Signs are not signs of a thing; they are signs of deterrirotialization and reterritorialization, they mark a certain threshold crossed in the course of these movements...

(Thousand Plateaus, all I can say is p. 476/4093 in the ePub version on my iPhone, landscape mode).I thought …

'Festival of the Trees' Submission Deadline this Sunday, May 29th

The deadline for the Festival of the Trees 60 is Sunday, May 29th.

Send your tree-related submissions to me (brenda [dot] clews [at] gmail [dot] com) for inclusion in the Festival held at Rubies in Crystal on June 1st!

Talk to the trees! Send me links to your recordings of your arboreal conversations. While I'd love video, all  poems, stories, photos, are most welcome. Read the call for submissions for details and inspiration.

Remember: you can send more than just your own links.

We invite you to share your May tree discoveries too.

A Floral Opera

A Floral Opera is a nature poem. An ecosphere of mind and nature. A portrait of a woman singing in a garden. Quite hallucinatory, combining Deleuzian philosophy, surreal images.

My plan is to add this poem to the poems I'll be reciting in my long videopoem, Tangled Garden. If you'd like to read it, and offer response or feedback (I'll probably start recording on Friday, so before then if possible) email me for the password. (brenda [dot] clews [at] gmail [dot] com).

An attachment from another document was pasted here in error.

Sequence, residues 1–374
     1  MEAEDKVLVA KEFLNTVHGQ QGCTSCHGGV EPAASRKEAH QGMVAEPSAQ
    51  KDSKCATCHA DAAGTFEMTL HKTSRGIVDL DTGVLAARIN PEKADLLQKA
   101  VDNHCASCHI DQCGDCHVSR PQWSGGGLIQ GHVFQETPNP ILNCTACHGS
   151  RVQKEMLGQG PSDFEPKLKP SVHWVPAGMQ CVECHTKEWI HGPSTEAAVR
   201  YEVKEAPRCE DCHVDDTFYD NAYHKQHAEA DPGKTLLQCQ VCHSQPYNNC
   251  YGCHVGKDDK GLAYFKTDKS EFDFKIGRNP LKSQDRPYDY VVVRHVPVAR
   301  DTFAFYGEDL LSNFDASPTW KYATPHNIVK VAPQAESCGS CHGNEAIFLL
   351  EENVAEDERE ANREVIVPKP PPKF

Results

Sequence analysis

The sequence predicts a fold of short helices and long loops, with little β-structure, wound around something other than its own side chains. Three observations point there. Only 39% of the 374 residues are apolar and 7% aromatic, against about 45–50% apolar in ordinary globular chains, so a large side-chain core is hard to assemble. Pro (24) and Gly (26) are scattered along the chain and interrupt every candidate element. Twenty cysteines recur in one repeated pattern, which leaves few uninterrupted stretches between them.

Encrypted poem:

A Floral Opera.

Black Moon Reigns

Royalty free music for professional licensing
direct link: Seraphic Tears by Catherine Corelli on Jamendo

In the second track the Russian artist, Catherine Corelli, sings, "From the hidden depths of you I come…" and we know we are in shadowland, in the world of the black moon, what we've negated, hidden, repressed is returning with fury and grief.

An occult album of secrets. Of madness and sexuality.

Lilith (whose story is told in the album's introduction) is a threatening, powerful archetype of female creativity, power and sexuality, and feared in the dominant male culture of politics and religion (which is falling away, which is falling away at last). The black moon, in astrology between the moon and earth, is always prominent in the charts of creative, powerful women. Catherine Corelli is such a woman.

Lilith is made to suffer for her beauty, strength, passion, fire of creativity. Born equal, equally out of the earth with Adam, she won't bow to her partner, w…

Tangled Garden in-process

Recently I shot some footage that I really liked. The camera was on a monopod and held quite still, so the movement (other than the slow lateral panning) is the wind. Because the footage of the leaves is in shadow, it's a slightly fuzzy recording. I did everything I could think of to sharpen it up, and a few of the filters required a 13 hour render! I saved that render as a Quicktime file, and continued working with it.